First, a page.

> between parked cars.

    Depends on their design -ours specifically have cut outs
    for cycles and I'd rather be hit by a car doing 20 mph than
    40 mph. The more the merrier I say. They've changed our
    city for the better - our ped and cyclist injury rates have
    been slashed dramatically and are at an all time low even
    given the increase in traffic.

    --
    Simon Mason Anlaby East Yorkshire. 53°44'N 0°26'W
    http://www.simonmason.karoo.net Simon
     
  11. "Simon Mason" <[email protected]> wrote in message
    news:[email protected]...

    > Depends on their design -ours specifically have cut outs
    > for cycles.....

    The cutouts are usually where the road planners would
    like us to be rather than what is the safest road
    position to be in.

    I would avoid any road with humps even if meant going
    further as they are a menace to cyclists.
     
  12. Dave Kahn

    Dave Kahn Guest

    "Richard Goodman" <[email protected]> wrote in message news:<[email protected]>...

    > I don't agree that speed humps are useful for cyclists at
    > all. They are quite literally a pain in the bum - and the
    > spine, and the wrists. They are more unpleasant to go over
    > on a bike than in a car. As a cyclist, I hate them, as a
    > driver, I merely detest them. In a car it is no effort to
    > speed up and slow down as required, as a cyclist it is. As
    > a cyclist I get held up behind cars approaching bumps and
    > harassed by them immediately after as they want to
    > accelerate quickly before the next bump comes. And all for
    > what? Just extra pollution and noise in most cases. They
    > certainly don't do anything useful in my residential area,
    > where the main limiting factor on speed is two-way traffic
    > and a road that is too narrow for cars to pass in both
    > directions without pausing for gaps between parked cars.

    Furthermore, a significant minority of motorists ignore the
    speed bumps anyway and simply whack them at whatever speed
    they feel like doing at that moment. Presumably a number of
    them subsequently have mysterious accidents when their
    suspension unaccountably collapses in a bend.

    --
    Dave...
     
  13. Dave Kahn wrote:

    > Furthermore, a significant minority of motorists ignore
    > the speed bumps anyway and simply whack them at whatever
    > speed they feel like doing at that moment. Presumably a
    > number of them subsequently have mysterious accidents when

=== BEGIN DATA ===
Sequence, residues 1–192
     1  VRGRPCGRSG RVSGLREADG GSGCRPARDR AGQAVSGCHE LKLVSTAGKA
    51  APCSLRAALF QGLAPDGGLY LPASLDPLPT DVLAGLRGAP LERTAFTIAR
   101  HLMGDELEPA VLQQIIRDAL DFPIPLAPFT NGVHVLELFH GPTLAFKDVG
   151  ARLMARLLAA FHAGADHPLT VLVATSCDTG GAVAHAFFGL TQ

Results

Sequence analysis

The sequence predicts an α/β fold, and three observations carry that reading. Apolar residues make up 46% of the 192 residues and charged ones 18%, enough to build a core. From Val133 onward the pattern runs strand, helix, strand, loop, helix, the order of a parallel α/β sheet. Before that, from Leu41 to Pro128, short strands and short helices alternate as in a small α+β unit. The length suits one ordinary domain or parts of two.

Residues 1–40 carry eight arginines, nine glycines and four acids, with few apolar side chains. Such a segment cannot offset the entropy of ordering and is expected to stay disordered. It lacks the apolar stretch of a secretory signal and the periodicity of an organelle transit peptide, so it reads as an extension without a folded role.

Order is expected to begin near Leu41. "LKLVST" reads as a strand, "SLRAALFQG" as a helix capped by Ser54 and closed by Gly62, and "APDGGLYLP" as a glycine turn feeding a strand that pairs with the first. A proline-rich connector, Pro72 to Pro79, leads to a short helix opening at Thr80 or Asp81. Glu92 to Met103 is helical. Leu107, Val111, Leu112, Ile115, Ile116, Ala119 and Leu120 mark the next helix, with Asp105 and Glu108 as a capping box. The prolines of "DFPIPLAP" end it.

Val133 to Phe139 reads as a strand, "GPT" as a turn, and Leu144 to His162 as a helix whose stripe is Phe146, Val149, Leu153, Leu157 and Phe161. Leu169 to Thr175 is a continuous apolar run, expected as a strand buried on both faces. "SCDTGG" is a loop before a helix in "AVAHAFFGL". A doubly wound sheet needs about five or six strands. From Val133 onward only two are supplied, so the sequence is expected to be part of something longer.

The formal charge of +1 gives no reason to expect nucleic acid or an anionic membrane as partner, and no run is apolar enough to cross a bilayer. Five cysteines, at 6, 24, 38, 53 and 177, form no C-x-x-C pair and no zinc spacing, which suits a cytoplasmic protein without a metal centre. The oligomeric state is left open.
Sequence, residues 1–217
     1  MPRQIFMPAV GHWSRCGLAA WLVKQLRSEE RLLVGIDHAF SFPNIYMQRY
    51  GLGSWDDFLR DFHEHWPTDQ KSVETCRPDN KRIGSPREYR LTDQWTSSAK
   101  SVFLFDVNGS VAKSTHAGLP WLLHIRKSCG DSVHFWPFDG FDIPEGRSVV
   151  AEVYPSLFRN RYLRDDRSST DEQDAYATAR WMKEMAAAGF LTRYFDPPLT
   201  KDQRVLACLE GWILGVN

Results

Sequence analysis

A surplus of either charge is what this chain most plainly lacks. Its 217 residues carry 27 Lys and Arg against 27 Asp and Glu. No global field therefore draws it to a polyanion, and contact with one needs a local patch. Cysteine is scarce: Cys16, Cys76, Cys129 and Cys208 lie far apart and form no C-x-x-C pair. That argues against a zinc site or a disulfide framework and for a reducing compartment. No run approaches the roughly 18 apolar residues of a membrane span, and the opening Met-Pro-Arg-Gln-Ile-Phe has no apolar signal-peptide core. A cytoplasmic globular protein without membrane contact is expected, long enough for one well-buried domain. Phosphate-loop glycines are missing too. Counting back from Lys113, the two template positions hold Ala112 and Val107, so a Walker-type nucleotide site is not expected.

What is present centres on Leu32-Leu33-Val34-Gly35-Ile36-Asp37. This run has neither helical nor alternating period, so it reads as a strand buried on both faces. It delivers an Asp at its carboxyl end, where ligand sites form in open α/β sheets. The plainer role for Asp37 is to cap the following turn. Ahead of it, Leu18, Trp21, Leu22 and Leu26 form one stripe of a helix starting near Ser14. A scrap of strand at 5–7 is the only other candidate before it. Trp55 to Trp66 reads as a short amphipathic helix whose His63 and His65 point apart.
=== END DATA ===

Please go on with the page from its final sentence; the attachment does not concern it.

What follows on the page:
> their suspension unaccountably collapses in a bend.

    Which are, of course, attributed to the existence of sp++d
    c+m+r+s...

    Not that they are likely to care, with their motorcars being
    presents from grateful employers.

    --

    Dave Larrington - http://www.legslarry.beerdrinkers.co.uk/
    ===========================================================
    Editor - British Human Power Club Newsletter
    http://www.bhpc.org.uk/
    ===========================================================
     
  14. Pete Biggs

    Pete Biggs Guest

    Simon Brooke wrote:
    > Face it, if your council is spending zero on cycling, this
    > is an unqualified Good Thing. Council-built cycling
    > 'facilities' are at best neutral, and many are actively
    > dangerous.

    ...Like the narrow green cycle lanes on the extreme outside
    of roundabouts. Barnet has some of these but I suppose it
    would cost money to get rid of them.

    ~PB
     
  15. In article <[email protected]>, Dave Kahn wrote:
    >
    >Furthermore, a significant minority of motorists ignore the
    >speed bumps anyway and simply whack them at whatever speed
    >they feel like doing at that moment. Presumably a number of
    >them subsequently have mysterious accidents when their
    >suspension unaccountably collapses in a bend.

    Round here the worst offenders take care to use big heavy
    vehicles with long suspension travel designed to travel over
    bigger bumps off-road without problems. Added bonus feature
    being scarier when deliberately driving at pedestrians or
    cyclists....
     
  16. Ah yes, Barnet, home of Brian Coleman, Cabinet Member for
    the Environment. That's transport, and parks (and their bike
    paths) and planning (and how to cross the North Circular
    Road at the Brent Cross/Cricklewood regeneration scheme). I
    wonder if Brian Coleman will influence his fellow Tory Steve
    Norris, Tory candidate for Mayor of London, and chair of the
    National Cycling Strategy Board. Small hope for influence
    the other way.

    What I said in my last letter to the Barnet Times, it made
    the Mar 11th issue, was that Barnet should put in enough
    bike racks at the E. Finchley tube station to match the
    great increase in cyclists using
    it.

    The worst thing Barnet has done is cancelling bike
    education. this is certainly a disaster, two disasters,
    actually, since it got canelled in two steps, adult
    education in the spring, and children's education in
    the autumn.

    Cancelling bike education might increase your council tax,